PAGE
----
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PITTSBURGH PRESS CLUB v. UNITED STATES

February 13, 1975

PITTSBURGH PRESS CLUB, Plaintiff,
v.
UNITED STATES OF AMERICA, Defendant



The opinion of the court was delivered by: DUMBAULD

 In this case the Court is invited by the Government to follow the footsteps of

 
"one who treads alone
 
Some banquet hall deserted,
 
Whose lights are fled,
 
Whose garlands dead,
 
And all but he departed." *fn1"

 We are to inquire what meals have been eaten and drinks drunk, and by whom, at the Pittsburgh Press Club in order to determine whether the club is entitled to maintain its status as a tax-exempt organization under 26 U.S.C. 501(c)(7) as a club "organized and operated exclusively for pleasure, recreation, and other non-profitable purposes, no part of the net earnings of which insures to the benefit of any private shareholder."

 Concluding that the Press Club was not exempt, the Government on February 2, 1972, revoked plaintiff's tax-exempt status retroactively to June 1, 1966, and assessed and collected deficiencies amounting to $228,483.00. Plaintiff paid that sum, and sues for refund. Defendant has filed a counterclaim seeking $55,988.18 in interest. Fiscal years ending May 31, 1967 through 1971 are involved. These years are open, appropriate waivers having been signed. Exemption had been recognized on October 17, 1959. Trial was held November 25-27, 1974, followed by oral argument and comprehensive briefs.

 
In my own case the words of such an act as the Income Tax, for example, merely dance before my eyes in a meaningless procession: cross-reference to cross-reference, exception upon exception -- couched in abstract terms that offer no handle to seize hold of -- leave in my mind only a confused sense of some vitally important, but successfully concealed, purport, which it is my duty to extract, but which is within my power, if at all, only after the most inordinate expenditure of time. I know that these monsters are the result of fabulous industry and ingenuity, plugging up this hole and casting out that net, against all possible evasion; yet at times I cannot help recalling a saying of William James about certain passages of Hegel: that they were no doubt written with a passion of rationality; but that one cannot help wondering whether to the reader they have any significance save that the words are strung together with syntactical correctness. Much of the law is now as difficult to fathom, and more and more of it is likely to be so; for there is little doubt that we are entering a period of increasingly detailed regulation, and it will be the duty of judges to thread the path -- for path there is -- through these fantastic labyrinths. *fn2"

 These reflections apply a fortiori to Regulations, Procedures, Rulings, and other Treasury glosses on the tax statute itself. Regarding these emanations we echo the wish of the late esteemed Judge Goodrich in Keystone Automobile Club v. Comm'r., 181 F.2d 402, 406 (C.A. 3, 1950): "The order of rank among administrative agencies making tax rulings is one we should like to avoid assigning if we can."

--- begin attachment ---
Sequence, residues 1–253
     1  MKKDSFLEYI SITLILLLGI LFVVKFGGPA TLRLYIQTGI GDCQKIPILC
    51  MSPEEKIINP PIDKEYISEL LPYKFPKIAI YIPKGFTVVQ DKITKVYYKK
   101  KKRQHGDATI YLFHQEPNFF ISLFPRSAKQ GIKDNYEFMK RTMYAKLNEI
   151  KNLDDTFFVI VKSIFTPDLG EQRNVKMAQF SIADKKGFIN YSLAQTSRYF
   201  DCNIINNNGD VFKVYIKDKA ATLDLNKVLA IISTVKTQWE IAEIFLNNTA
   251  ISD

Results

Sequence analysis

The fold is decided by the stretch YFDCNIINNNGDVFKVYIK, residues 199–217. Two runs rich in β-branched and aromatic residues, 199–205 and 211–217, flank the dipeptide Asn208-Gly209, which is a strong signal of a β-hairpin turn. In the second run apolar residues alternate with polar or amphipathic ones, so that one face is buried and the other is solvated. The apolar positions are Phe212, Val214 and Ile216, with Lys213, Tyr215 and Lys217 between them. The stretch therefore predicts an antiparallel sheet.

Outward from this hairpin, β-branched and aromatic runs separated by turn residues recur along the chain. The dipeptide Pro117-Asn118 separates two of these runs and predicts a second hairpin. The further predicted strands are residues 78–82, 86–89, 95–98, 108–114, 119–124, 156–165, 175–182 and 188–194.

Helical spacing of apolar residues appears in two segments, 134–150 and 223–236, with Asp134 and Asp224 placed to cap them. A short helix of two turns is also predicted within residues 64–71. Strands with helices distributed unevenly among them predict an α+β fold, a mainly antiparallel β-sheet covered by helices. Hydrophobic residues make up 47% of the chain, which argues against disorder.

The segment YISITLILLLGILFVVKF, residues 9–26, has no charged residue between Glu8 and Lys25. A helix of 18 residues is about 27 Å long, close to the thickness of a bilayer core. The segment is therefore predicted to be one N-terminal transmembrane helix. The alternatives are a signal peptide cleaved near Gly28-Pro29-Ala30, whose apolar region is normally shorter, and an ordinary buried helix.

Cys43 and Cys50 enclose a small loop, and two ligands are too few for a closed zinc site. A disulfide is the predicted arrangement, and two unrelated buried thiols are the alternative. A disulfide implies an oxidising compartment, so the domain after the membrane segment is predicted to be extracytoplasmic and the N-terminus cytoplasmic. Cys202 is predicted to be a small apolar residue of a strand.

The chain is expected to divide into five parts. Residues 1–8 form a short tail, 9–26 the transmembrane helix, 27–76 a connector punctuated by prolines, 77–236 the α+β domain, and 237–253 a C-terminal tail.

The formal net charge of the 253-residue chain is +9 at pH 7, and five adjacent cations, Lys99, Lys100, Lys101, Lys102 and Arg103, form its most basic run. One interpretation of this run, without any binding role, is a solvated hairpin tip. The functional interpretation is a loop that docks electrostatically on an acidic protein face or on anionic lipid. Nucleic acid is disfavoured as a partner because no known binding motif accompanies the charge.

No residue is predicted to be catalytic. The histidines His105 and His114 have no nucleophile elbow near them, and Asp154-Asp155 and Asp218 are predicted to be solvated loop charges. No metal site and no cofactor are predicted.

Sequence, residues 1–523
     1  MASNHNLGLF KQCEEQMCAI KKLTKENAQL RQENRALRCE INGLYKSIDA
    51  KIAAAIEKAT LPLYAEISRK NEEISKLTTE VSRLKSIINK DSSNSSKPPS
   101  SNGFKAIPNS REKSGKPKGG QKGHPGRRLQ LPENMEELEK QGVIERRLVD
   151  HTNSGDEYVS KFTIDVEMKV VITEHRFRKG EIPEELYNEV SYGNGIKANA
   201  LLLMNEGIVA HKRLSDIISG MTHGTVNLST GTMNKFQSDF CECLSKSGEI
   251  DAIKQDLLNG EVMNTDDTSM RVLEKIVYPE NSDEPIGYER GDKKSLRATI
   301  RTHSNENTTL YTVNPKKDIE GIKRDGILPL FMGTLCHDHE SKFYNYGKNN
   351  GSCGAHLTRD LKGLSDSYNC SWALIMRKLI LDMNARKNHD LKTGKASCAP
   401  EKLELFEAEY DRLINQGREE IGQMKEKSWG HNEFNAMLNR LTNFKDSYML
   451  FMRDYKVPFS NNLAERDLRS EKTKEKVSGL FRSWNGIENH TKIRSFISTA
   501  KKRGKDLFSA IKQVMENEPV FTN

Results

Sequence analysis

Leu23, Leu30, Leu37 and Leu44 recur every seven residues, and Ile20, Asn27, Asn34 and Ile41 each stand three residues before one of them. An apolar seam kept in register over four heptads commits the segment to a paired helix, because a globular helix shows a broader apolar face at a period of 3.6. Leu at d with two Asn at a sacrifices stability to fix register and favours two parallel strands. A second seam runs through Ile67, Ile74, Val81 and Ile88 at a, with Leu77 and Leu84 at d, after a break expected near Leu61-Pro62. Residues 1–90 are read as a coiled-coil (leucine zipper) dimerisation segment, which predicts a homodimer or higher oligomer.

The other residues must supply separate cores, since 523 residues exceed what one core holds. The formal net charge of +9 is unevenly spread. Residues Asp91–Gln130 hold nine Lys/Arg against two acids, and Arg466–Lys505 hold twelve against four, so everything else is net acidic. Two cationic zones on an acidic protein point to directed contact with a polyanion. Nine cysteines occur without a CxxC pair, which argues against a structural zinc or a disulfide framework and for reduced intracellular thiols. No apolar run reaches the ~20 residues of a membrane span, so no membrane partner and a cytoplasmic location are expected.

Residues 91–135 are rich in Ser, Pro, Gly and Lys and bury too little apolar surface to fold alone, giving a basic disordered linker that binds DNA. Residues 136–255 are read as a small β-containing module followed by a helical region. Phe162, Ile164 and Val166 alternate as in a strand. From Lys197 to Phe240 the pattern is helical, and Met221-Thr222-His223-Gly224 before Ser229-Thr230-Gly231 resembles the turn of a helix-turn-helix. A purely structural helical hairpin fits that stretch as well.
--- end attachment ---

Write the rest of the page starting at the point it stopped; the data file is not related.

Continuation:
Succinctly stated, the Government relies on two contentions to justify revocation of the Club's exemption. The first contention is that the dues structure results in "net earnings" inuring to the benefit of regular members, who are the only voting members, but pay lower dues than other categories of members.

 The second contention is that the volume of meals and drinks consumed by non-members on the club premises is so great that the club is engaged in a lucrative restaurant business, open to the general public, and thus is no longer being "operated exclusively for . . . non-profitable purposes."

 The record shows that the club was organized on March 18, 1885, as a Pennsylvania non-profit corporation. After various vicissitudes, it was reactivated about 1955. It was located in the old Sherwin hotel, then in 1961 purchased the former Kramer restaurant property and then in July, 1966, obtained a long lease on its present attractive headquarters in a penthouse at 300 Sixth Avenue (atop a building formerly McCreery's store).

 An active member is "One who is regularly and directly concerned with gathering or preparing editorial material, and who is employed by a . . . newspaper published in Allegheny County, a press wire service or magazine of general circulation that maintains a full-time office in Allegheny County, or a radio or television station located in Allegheny County; or one who resides in Allegheny County and derives his principal source of income from creative ...


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